In order to correlate lightning discharge data from two or more detectors, known lightning location systems have used dedicated communication lines for the transmission of data from each of the detectors to the central site, wherein the transmission delays for such lines are fixed and known. The central site of such known systems correlates the lightning discharge data based on the time of arrival of the data at the central site with a correction factor based on the transmission delay associated with the detector's communication line. A major disadvantage of such systems is the extremely high cost of the dedicated communication lines.

SUMMARY OF THE INVENTION

In accordance with the present invention, the disadvantages of prior lightning location systems have been overcome. The system and method of the present invention correlates lightning events detected by two or more lightning detectors using the lightning itself as an external reference for synchronization. The system and method may be used to synchronize a lightning location system or any network of remote automatic weather stations utilizing lightning detectors.

The system and method of the present invention employs a plurality of lightning detectors which detect the occurrence of a predetermined lightning event and transmit data to a central site or office using a communication system having variable transmission delays. Each detector includes a clock for identifying the time of occurrence of a detected lightning event, the time of occurrence data being transmitted to the central site with other data used to determine the location of the lightning event. The central site correlates lightning events observed by two detectors based on the time interval between plural lightning events observed by the detectors. A time correction factor is determined from the difference between the time of occurrence measured by one detector for a given lightning event and the time of occurrence measured by a second detector for a correlated lightning event, the time correction factor being applied to synchronize the clocks of the two detectors.

In one embodiment, lightning events detected by two detectors are correlated by comparing the time intervals between lightning events detected by one detector with the time intervals between lightning events detected by a second detector. If the time intervals are approximately equal, the difference, Δt, between the times of occurrence as measured by the first and second detector for the lightning events associated with the time interval, is calculated and stored. The value of Δt occurring most frequently for lightning events detected by the first and second detectors forms the time correction factor used to synchronize the two detectors.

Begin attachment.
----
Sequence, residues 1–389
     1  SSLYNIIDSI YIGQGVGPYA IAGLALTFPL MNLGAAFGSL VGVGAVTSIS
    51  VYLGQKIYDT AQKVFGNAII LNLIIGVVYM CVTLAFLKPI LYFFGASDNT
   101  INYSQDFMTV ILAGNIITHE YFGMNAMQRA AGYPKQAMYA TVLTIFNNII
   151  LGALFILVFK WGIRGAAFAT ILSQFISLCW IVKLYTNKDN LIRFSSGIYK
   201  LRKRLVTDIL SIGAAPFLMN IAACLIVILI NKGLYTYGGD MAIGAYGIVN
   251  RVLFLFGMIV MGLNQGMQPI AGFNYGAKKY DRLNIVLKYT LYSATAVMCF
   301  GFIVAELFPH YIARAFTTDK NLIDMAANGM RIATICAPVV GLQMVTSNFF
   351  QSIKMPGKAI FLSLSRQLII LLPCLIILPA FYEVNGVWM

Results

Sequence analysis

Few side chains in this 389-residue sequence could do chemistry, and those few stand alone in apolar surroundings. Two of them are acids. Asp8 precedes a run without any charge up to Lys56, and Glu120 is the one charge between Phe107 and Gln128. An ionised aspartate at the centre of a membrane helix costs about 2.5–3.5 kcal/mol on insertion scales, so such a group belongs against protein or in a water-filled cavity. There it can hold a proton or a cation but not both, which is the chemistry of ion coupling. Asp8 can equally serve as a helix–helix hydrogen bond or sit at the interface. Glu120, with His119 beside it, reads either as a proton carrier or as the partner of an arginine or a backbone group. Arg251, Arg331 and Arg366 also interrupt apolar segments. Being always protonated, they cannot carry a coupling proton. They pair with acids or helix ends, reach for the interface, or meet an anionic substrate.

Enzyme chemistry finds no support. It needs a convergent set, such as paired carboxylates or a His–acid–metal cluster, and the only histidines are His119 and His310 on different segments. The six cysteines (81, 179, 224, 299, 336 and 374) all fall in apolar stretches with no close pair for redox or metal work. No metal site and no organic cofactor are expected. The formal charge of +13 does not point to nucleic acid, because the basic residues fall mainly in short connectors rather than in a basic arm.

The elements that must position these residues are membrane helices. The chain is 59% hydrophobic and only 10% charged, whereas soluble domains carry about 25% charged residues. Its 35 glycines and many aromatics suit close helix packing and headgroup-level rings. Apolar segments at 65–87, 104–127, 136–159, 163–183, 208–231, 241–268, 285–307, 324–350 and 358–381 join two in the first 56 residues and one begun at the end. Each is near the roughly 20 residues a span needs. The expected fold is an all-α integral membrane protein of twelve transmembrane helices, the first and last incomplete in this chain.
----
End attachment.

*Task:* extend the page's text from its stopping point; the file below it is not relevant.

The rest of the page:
In the second embodiment, lightning events detected by two detectors are correlated by first assuming that the data from one detector arriving at the central site within a predetermined period of time of data from a second detector is associated with the same lightning event as the data from the second detector. The difference between the times of occurrence as measured by the first and second detectors for the lightning event is calculated and used to correct the time of occurrence data for each lightning event detected by the second detector. The times of occurrence for each lightning event detected by the first and second detectors are compared and the times which agree are counted. These steps are repeated for each pair of lightning events detected by the first and second detectors whose data arrives at the central site within the predetermined period of time of each other. The value of Δt associated with the highest count of agreeing times of occurrence is then used as the correction factor to synchronize the detectors.

When lightning occurs at a very low rate such that the time between lightning events detected by two detectors is on the order of hours or days, the system and method of the present invention may further use a single lightning event detected by the two detectors to synchronize the detectors.

The system and method of the present invention further synchronizes the synched detectors to a clock at the central site so that the time of occurrence of each detected lightning event may be provided in absolute time. This synchronization is accomplished by setting a correction factor equal to the minimum detected transmission delay.

The system and method of synchronizing according to the present invention provides for synchronization on the millisecond level. However, the components of the system may further be synched down to the microsecond level by using the location information from the detector to calculate the propagation delay and then by compensating for the delay.

The system and method of the present invention is not only cost effective but also allows the lightning location system to employ cheaper forms of communication than has heretofore been possible. These and other objects and advantages of the invention, as well as details of an illustrative embodiment, will be more fully understood from the following description and from the drawings.

BRIEF DESCRIPTION OF THE DRAWINGS

FIG. 1 is a diagram showing the general configuration of a system according to the present invention;

FIG. 2 is a time chart illustrating the variations in the clocks of lightning detectors and the position analyzer;